Tuesday, July 7, 2009

Cold Mountain Tour


On June 27, the community of Bethel, near Waynesville, hosted it's 5th annual Cold Mountain Heritage Tour. I went on this tour two years ago, and thought that the rest of my group might like this. I know that Libby and Eddie love to see new mountain areas and that Curtis and Jill enjoy old buildings and such. So, that morning we went to the Mast General Store on Main in Waynesville to purchase the tickets. The proceeds go to support a renovation on a historical building in Bethel.

There is a Cold Mountain in Bethel that the author, Charles Frazier, used as the title in his book. Written accounts do actually verify an Inman who left his wife and daughter to fight in the Civil War. On his way home, he was shot by the homeguard. So, the book and movie are based on this Robert Inman's life in this place.

The first building is a Presbyterian Church that has historical significance to the community and a great nephew of Inman's was the pastor there during the 1960's. The thing about this that stood out most was the stained glass. We also saw Inman Chapel, that Inman's family began. It is a universalist church and sounded a little like some kind of commune. We visited Inman's grave and a local historian explained why Inman's grave did not recieve the honors or a headstone for a long time because he was considered a deserter. This was not the case, and you'd understand all that by seeing the movie. We also saw the oldest standing building in Haywood County which was a log cabin with an addition built onto it. It is thought that the builder of that cabin was a skilled furniture craftsman, because it is built with tongue and groove and has other really artistic features for its time. The original family handed it down and actually lived in it until about 10 years ago! This cabin did not get electricity until the 1970's; the old man living there walked over to a neighbors to look at a little tv now and then and everything else was gas or wood powered. We also toured a dairy farm that has been in the same family for 100 years. Now, in the big room they hold square dances and weddings. I think this could be the perfect place for Kevin and Toni's wedding; but, she did not seem to think so. I enjoy meeting locals and getting a look at the inside of things. But, my group is not quite as enthusiastic about it all. This made me really wish Brent was there to share it with. I felt a little tension about it because it was clear they were getting a little bored with it and I felt bad because they paid and committed a day when they'd rather be fishing. I was really feeling like somebody was pooping on my parade. But, the end of the day wound up at a pole barn with some music and food on the Pigeon River. I think everyone enjoyed cooling off in it.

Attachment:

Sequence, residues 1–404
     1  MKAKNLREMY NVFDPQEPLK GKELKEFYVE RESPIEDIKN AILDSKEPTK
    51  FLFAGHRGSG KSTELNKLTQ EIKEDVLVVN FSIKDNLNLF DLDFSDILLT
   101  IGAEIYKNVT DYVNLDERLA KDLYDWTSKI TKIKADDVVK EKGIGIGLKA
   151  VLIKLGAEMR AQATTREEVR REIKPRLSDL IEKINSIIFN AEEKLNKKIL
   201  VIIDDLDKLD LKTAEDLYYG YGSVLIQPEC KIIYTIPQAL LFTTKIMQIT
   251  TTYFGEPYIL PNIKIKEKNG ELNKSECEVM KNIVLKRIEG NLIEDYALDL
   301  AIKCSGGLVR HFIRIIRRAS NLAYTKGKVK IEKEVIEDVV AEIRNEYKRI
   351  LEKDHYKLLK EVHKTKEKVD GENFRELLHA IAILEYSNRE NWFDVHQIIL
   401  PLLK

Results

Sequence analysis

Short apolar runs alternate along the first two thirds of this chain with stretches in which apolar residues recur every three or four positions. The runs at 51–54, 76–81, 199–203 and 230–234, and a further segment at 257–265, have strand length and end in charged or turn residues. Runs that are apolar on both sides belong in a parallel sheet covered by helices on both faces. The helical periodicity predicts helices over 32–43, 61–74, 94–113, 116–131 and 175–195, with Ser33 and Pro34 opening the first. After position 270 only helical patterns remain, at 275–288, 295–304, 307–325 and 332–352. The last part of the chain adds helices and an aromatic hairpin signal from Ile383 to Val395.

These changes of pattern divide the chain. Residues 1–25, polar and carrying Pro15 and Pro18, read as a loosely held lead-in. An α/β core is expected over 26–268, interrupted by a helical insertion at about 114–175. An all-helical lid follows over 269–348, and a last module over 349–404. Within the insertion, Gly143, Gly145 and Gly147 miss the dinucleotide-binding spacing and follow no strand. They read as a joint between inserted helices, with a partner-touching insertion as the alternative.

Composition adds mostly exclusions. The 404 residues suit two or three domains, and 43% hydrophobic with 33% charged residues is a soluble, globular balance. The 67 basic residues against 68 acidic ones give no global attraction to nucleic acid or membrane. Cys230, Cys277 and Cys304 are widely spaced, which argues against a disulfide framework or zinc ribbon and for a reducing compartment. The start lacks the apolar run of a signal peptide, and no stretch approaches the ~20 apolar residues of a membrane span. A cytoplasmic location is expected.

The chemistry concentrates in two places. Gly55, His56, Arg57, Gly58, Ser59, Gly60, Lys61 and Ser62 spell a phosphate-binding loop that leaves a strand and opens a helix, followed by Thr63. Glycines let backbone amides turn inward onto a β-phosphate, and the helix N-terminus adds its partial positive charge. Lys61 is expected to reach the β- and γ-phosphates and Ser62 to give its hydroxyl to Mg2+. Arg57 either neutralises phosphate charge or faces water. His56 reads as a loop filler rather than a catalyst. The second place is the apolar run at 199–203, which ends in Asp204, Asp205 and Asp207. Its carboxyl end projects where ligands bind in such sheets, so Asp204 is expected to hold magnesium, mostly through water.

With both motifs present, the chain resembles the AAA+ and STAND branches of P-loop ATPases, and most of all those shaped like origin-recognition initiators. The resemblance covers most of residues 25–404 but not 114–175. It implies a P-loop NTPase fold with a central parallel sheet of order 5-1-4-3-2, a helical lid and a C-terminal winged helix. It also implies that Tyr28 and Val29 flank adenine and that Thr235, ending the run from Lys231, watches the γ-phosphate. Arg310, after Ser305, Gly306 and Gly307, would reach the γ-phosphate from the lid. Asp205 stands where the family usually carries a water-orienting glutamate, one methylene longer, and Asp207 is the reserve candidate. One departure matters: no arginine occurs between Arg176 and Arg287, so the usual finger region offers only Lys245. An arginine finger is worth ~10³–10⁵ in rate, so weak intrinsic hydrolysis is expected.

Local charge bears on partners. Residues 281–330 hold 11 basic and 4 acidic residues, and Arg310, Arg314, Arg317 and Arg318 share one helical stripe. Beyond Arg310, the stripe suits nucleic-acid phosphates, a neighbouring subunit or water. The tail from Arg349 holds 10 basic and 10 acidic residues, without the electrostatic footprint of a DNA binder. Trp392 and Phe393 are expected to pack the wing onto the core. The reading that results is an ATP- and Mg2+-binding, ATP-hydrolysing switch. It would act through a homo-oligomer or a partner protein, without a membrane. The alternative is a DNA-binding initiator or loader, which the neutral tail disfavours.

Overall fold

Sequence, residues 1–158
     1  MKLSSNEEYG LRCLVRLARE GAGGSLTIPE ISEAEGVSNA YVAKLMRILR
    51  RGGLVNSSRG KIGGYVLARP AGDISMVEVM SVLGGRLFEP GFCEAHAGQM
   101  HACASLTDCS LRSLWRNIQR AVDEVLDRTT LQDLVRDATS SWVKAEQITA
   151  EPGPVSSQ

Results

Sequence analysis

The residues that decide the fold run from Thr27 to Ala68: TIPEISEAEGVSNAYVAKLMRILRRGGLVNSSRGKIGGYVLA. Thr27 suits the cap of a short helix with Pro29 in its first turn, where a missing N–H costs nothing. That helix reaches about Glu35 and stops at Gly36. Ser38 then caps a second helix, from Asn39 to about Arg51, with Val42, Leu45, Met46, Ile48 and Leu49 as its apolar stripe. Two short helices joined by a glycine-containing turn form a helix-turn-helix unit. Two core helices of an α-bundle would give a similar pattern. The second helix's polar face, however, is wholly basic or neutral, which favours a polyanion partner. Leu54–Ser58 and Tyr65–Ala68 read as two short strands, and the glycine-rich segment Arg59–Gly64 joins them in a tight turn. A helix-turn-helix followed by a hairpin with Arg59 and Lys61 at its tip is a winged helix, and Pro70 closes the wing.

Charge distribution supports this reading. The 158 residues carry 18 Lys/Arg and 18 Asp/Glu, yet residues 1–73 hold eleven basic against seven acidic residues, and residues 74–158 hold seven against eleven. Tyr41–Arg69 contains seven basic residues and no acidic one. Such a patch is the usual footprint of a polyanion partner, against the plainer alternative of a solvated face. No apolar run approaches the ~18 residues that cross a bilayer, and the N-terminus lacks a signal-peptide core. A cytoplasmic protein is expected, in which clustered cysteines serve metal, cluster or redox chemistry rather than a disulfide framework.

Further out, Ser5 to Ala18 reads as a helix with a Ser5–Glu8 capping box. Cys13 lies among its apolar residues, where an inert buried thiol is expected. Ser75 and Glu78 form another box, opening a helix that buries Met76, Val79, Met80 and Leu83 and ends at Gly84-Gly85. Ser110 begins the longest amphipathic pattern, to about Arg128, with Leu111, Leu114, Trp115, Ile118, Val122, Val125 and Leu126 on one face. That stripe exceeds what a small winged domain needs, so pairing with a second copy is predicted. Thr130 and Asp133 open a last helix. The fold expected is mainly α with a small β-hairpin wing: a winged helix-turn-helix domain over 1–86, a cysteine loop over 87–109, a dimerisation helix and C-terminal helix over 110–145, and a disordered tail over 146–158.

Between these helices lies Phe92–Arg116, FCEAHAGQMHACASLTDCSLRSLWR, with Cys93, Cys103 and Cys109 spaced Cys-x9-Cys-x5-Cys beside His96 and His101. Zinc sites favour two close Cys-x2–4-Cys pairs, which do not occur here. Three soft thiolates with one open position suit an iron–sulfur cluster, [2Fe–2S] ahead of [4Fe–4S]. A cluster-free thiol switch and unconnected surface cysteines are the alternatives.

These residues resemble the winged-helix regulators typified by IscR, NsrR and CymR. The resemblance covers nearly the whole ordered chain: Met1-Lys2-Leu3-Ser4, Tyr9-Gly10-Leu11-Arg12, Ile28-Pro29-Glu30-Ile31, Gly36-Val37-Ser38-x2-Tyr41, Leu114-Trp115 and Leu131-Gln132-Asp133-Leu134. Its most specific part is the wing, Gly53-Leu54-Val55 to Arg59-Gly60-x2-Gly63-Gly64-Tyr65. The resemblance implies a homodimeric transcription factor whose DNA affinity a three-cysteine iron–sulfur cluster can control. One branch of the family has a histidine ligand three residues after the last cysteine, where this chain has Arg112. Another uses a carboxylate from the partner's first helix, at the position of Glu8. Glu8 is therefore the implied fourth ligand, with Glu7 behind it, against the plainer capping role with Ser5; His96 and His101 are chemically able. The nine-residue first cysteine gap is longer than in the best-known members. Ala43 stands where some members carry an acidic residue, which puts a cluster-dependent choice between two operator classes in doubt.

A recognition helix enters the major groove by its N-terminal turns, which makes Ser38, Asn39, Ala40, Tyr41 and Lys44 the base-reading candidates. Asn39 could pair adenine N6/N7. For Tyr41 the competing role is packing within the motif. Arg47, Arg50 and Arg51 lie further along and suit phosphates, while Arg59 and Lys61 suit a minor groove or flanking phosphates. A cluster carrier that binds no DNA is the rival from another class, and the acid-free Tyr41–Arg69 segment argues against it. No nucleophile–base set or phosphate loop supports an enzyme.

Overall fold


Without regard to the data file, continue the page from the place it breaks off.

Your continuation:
But, the coolest thing by far was meeting Charles Frazier while I was at Inman's Chapel. He was talking to a reporter there doing an article about the heritage tour. I waited and Libby helped me to get his attention for a picture. I got his autograph in my notebook I had; too bad I did not have a copy of one of his books with me. As it turns out, he has recently bought acreage in Belleview! I gave him all of my contact information and told him how glad I'd be to show him historical things in Florida and that he might would like to see our farm. Jill kept picking on me for being a weirdo stalker trying to get a date with a very rich man. Maybe just a little bit of that is true. I seriously doubt I'll ever get a call, but I could not help myself. He is the most famous author I've ever met; and, surely, we'd have a lot of interests in common.

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